Keener v. Colvin
ORDER ADOPTING 16 REPORT AND RECOMMENDATION GRANTING plaintiff's 10 motion for judgment on the pleadings or, in the alternative, to remand for further proceedings and denying defendant's 11 motion for judgment on the pleadings; FUR THER, the decision of the Commissioner of Social Security is reversed and the matter is remanded for further administrative proceedings. SO ORDERED. Signed by Hon. Lawrence J. Vilardo on 1/25/2017. (CMD) -CLERK TO FOLLOW UP-
UNITED STATES DISTRICT COURT
WESTERN DISTRICT OF NEW YORK
JONI LYNN KEENER,
CAROLYN W. COLVIN,
COMMISSIONER OF SOCIAL SECURITY,
On June 13, 2016, the plaintiff moved for judgment on the pleadings, or, in the
alternative, to remand the matter for further development of the record. Docket Item 10.
On August 12, 2016, the defendant responded to the plaintiff’s motion and moved for
judgment on the pleadings. Docket Item 11. And on September 8, 2016, the plaintiff
filed a reply and response to the defendant’s motion. Docket Item 14.
On October 26, 2016, this Court referred this case to United States Magistrate
Judge Hugh B. Scott for all proceedings pursuant to 28 U.S.C. § 636(b)(1)(B). Docket
Item 15. On December 6, 2016, Judge Scott issued a Report and Recommendation
finding that the plaintiff’s motion for judgment on the pleadings should be granted and
that the defendant’s motion should be denied. Docket Item 16. The parties did not
object to the Report and Recommendation, and the time to do so now has expired. See
28 U.S.C. 636(b)(1); Fed. R. Civ. P. 72(b)(2).
A district court may accept, reject, or modify, in whole or in part, the findings or
recommendation of a magistrate judge. 28 U.S.C. § 636(b)(1); Fed. R. Civ. P. 72(b)(3).
A district court must conduct a de novo review of those portions of a magistrate judge’s
recommendation to which objection is made. 28 U.S.C. § 636(b)(1); Fed. R. Civ. P.
72(b)(3). But neither 28 U.S.C. § 636 nor Federal Rule of Civil Procedure 72 requires a
district court to review the recommendation of a magistrate judge to which no objections
are addressed. See Thomas v. Arn, 474 U.S. 140, 149-50 (1985).
Although not required to do so in light of the above, this Court nevertheless has
reviewed Judge Scott’s Report and Recommendation as well as the parties’
submissions. Based on that review and the absence of any objections, the Court
accepts and adopts Judge Scott’s recommendation to grant the plaintiff’s motion for
judgment on the pleadings and deny the defendant’s motion.
A treating physician’s findings should be given controlling weight so long as they
are “well-supported by medically acceptable clinical and laboratory diagnostic
techniques and [are] not inconsistent with other substantial evidence.” 20 C.F.R.
§ 404.1527(c)(2). Although an Administrative Law Judge may choose not to give a
treating physician’s medical opinion controlling weight, he or she must provide “good
reasons” for doing so. Id.; Burgess v. Astrue, 537 F.3d 117, 129-30 (2d Cir. 2008).
Here, in rejecting the medical opinions of Dr. Simmons, the treating physician,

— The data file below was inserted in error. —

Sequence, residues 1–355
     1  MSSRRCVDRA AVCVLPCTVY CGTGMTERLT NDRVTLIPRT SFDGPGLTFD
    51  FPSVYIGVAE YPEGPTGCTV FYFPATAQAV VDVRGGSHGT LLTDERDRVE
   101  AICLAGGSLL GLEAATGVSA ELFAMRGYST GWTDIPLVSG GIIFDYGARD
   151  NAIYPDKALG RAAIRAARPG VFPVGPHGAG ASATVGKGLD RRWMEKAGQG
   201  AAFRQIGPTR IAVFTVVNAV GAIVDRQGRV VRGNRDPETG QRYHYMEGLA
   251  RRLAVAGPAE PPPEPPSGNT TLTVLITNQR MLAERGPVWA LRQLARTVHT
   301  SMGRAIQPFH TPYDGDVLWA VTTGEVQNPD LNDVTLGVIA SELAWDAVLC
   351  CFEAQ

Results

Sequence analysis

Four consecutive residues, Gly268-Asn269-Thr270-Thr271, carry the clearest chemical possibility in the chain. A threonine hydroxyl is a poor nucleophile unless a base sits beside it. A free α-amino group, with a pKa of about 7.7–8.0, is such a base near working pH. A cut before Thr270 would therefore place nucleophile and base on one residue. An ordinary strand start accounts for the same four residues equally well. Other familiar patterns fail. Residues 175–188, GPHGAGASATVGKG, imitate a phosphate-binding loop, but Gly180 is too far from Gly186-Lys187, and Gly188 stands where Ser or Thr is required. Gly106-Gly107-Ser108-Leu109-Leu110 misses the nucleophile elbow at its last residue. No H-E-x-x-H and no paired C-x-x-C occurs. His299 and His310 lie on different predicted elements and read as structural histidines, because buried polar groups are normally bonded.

the ALJ conflated two different sets of opinions—those addressing the plaintiff’s cervical
spine problems and those addressing her lumbar spine. In doing so, he relied too
heavily on a remark by Dr. Simmons that the plaintiff was doing “quite well” after her
March 2013 cervical spine surgery. First, this comment was relative: Dr. Simmons was
comparing the plaintiff’s cervical spine issues before surgery to her recovery post
surgery. Even more basically, Dr. Simmons was addressing the plaintiff’s cervical back
problems, not her lumbar problems.
Indeed, in the same medical evaluation as his “quite well” remark, Dr. Simmons
noted the plaintiff’s “continued . . . problems with her lower back.” And despite the
improvement in his patient’s cervical spine post surgery, Dr. Simmons had less than
rosy conclusions with respect to her lumbar condition. More specifically, both before
and after the plaintiff’s cervical spine surgery, Dr. Simmons concluded that because of
her lumbar problems, the plaintiff was unable to sit or stand for prolonged periods of
time and she might need surgery in the future. He also opined that the plaintiff’s lumbar
symptoms were “gradually worsening.”
Rather than give controlling weight to Dr. Simmons’s medical opinions on the
plaintiff’s cervical and lumbar back issues, the ALJ gave great weight to the opinion of a
medical consultant who reviewed the plaintiff’s medical record in February 2013. That
review, which occurred a month before the plaintiff underwent surgery, clearly was
stale—with respect to both the improving condition of the plaintiff’s cervical spine after
surgery and the deteriorating condition of her lumbar spine.
In light of the above, the ALJ did not provide good reasons for failing to give
controlling weight to the treating physician’s medical opinion. See 20 C.F.R.
For the reasons stated above and in the Report and Recommendation, the
plaintiff’s motion for judgment on the pleadings or, in the alternative, to remand for
further proceedings (Docket Item 10) is GRANTED; the defendant’s motion for judgment
on the pleadings (Docket Item 11) is DENIED; the decision of the Commissioner of
Social Security is REVERSED; and the matter is remanded for further administrative
Dated: January 25, 2017
Buffalo, New York
s/Lawrence J. Vilardo
LAWRENCE J. VILARDO
UNITED STATES DISTRICT JUDGE
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